# Exploring a two-way interaction in multi-level regression, why do I get significant contrasts when the confidence intervals overlap on the graph?

I'm exploring a significant two-way interaction in a multi-level random-effects regression. The graph (below) appears to show the interaction is driven by differences at low X, and that at high X the moderator (V2) doesn't matter. Is there a reason why I get highly significant contrasts at high X when the confidence intervals appear to overlap?

Interaction graph (circles show where the reported contrast is being conducted):

Contrast test at high X (circled on the graph):

      Y   |      Coef.   Std. Err.      z    P>|z|     [95% Conf. Interval]
----------+-------------------------------------------------------------------
z_X = 1.5 |  -.1288761   .0471769    -2.73   0.006    -.2213412   -.0364111
------------------------------------------------------------------------------


That's surprising. Is this something to do with multi-level (nested/panel) data? I'm not very familiar with inferential stats using multiple levels simultaneously. I would have expected that if the 95% confidence intervals overlap, as they clearly do for z_X = 1.5, that the contrast there would be not significant or close to that. Thanks for reading.

The following are relevant posts, but I sadly admit I did not follow the explanations: Relation between confidence interval and testing statistical hypothesis for t-test

Large overlap between confidence intervals, although z test for difference was significant

I'm also new around here, so please let me know if I could improve how I asked this question.

• I've added the image to the body of the question for you (which you'll be able to do once you've got sufficient reputation) – James Stanley Apr 16 '15 at 22:53
• You say "I would have expected that if the 95% confidence intervals overlap, as they clearly do for z_X = 1.5..." -- are you basing this on the confidence bands overlapping in the graph, or on some other information? – James Stanley Apr 16 '15 at 22:54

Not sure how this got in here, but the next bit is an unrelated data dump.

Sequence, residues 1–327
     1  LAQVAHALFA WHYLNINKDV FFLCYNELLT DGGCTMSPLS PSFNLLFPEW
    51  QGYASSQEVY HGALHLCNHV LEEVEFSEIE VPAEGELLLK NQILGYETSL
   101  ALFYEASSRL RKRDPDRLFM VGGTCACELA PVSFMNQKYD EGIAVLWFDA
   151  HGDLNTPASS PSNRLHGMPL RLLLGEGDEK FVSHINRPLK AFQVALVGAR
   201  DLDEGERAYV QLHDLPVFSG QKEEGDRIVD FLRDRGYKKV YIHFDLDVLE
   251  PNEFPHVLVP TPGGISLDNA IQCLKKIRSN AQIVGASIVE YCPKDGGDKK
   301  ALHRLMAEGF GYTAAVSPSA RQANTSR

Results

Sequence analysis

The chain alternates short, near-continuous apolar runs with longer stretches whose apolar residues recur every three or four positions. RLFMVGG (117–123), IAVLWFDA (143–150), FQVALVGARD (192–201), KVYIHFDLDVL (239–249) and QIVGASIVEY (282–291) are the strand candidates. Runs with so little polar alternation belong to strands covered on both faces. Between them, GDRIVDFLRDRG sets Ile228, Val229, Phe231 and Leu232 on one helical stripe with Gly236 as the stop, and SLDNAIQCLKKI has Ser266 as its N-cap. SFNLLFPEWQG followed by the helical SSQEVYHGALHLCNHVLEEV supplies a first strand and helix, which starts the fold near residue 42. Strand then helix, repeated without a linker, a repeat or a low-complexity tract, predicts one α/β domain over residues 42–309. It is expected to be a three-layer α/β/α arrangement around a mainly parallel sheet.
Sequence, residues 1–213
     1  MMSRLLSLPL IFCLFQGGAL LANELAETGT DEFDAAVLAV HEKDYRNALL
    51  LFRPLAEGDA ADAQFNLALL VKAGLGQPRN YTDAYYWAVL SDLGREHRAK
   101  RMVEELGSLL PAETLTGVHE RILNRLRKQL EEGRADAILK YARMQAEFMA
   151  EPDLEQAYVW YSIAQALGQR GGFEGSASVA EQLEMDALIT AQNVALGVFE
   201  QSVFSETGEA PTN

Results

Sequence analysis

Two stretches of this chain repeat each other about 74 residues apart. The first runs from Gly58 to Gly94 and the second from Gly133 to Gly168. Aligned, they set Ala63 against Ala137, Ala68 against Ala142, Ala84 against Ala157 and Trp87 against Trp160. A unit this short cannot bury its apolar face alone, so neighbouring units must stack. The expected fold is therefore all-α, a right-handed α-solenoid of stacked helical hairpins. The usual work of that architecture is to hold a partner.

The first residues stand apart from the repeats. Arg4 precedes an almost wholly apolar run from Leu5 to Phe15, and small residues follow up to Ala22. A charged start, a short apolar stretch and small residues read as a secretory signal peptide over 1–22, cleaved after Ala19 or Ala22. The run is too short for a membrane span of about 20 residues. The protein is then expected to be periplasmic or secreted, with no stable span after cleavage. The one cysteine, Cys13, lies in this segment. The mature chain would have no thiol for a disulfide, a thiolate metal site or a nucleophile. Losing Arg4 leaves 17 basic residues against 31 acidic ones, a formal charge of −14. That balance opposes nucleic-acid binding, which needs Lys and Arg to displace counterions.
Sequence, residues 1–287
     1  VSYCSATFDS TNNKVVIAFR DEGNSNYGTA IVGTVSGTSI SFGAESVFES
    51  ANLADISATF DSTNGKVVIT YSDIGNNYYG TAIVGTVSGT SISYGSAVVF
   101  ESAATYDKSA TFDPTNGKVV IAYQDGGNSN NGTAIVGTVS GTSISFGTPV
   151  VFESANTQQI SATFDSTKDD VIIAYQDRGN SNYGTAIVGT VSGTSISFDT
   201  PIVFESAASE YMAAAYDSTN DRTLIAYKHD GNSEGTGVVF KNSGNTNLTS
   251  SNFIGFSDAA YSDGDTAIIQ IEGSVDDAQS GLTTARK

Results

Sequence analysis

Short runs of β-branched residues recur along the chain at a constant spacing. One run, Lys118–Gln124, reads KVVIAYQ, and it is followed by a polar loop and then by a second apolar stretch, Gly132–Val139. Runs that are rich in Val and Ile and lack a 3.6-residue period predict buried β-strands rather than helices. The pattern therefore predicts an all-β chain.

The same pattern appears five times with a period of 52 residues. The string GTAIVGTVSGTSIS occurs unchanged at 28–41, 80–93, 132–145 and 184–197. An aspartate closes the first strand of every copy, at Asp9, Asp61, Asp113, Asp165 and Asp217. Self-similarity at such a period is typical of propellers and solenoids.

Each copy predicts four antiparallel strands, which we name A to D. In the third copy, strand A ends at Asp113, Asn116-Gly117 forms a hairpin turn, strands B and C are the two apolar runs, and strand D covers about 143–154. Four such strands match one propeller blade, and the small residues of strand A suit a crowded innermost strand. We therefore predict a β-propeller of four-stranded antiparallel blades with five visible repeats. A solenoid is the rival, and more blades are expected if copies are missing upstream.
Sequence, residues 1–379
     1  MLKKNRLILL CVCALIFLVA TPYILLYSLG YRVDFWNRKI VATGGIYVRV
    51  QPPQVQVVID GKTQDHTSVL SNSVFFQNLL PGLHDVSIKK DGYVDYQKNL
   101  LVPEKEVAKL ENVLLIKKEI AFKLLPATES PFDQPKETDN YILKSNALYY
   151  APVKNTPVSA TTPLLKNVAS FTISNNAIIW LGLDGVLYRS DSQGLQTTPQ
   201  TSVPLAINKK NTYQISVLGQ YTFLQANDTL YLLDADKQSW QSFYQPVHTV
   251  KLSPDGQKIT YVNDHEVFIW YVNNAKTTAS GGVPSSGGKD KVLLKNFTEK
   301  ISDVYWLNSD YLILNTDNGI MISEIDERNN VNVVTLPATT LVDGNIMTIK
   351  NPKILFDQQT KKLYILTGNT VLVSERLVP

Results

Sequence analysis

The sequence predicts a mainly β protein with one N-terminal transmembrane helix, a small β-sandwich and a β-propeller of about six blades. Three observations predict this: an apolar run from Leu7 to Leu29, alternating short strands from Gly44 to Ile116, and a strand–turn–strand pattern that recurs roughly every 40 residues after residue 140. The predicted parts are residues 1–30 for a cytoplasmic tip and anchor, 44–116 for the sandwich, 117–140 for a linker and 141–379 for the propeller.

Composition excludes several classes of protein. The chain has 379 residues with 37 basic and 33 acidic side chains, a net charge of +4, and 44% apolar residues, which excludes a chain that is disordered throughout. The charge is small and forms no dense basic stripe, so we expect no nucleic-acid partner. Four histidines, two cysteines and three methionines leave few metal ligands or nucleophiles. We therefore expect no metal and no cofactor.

• The existence of overlap at some given (high) x-value isn't really related to whether there's a significant interaction. Indeed, its not clear to me why the picture should lead to any surprise -- it's entirely consistent with a significant interaction. You could also see overlap near the ends of the range when there was just a significant main effect. – Glen_b -Reinstate Monica Apr 16 '15 at 23:52
• I'm sorry, I appear to have been a bit unclear. The interaction is significant, small effect size standardized b = .03. Then I tested for what I call above "contrasts," that is, tests of equivalence for values of Y at high vs. low V2 at low X, highly significant; then values of Y at high vs. low V2 at high X, and that's the stat I quoted initially, and based on visual inspection of the graph's CIs I didn't think it would be significant but it was. I don't think the question has been answered yet. Thanks James for image posting! – Cameron Brick Apr 21 '15 at 20:59
• Overlapping CIs of two estimates does not necessarily mean the difference of the estimates is not significant. This is just another example where that happened to be the case. – Affine Apr 21 '15 at 21:08